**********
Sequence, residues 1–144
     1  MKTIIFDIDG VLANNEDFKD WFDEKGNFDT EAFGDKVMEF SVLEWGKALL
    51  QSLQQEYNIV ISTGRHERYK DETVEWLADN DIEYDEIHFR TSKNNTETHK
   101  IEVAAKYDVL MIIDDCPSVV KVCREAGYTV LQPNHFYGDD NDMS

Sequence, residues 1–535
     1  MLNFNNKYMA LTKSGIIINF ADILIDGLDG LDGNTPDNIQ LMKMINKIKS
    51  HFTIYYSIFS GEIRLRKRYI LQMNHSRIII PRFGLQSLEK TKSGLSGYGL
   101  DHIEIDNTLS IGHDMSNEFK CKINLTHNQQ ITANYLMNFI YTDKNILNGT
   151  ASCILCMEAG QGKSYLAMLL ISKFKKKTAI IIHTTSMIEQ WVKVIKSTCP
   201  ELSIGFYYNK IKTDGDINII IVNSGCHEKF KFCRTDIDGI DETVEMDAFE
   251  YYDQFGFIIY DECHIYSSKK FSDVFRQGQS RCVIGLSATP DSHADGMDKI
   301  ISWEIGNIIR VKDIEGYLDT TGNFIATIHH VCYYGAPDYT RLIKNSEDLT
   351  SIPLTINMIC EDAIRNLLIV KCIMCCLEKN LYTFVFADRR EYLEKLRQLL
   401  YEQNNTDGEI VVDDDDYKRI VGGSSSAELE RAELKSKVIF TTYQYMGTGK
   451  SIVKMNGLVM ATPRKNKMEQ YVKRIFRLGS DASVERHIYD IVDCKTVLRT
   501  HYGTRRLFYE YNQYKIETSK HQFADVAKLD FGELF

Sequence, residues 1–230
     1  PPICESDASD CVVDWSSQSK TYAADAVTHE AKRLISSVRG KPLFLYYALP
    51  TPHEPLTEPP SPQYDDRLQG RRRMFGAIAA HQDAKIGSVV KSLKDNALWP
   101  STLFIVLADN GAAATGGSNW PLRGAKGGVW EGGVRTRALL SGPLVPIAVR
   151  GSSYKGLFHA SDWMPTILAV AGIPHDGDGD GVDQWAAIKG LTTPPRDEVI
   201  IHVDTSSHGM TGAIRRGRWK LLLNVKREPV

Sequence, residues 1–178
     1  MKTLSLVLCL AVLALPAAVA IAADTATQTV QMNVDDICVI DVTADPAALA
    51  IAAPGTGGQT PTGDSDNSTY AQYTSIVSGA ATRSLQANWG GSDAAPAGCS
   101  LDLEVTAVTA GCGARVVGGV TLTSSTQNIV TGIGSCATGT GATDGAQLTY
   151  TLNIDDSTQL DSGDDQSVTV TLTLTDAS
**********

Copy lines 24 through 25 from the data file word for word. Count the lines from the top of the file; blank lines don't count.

     1  MKTLSLVLCL AVLALPAAVA IAADTATQTV QMNVDDICVI DVTADPAALA
    51  IAAPGTGGQT PTGDSDNSTY AQYTSIVSGA ATRSLQANWG GSDAAPAGCS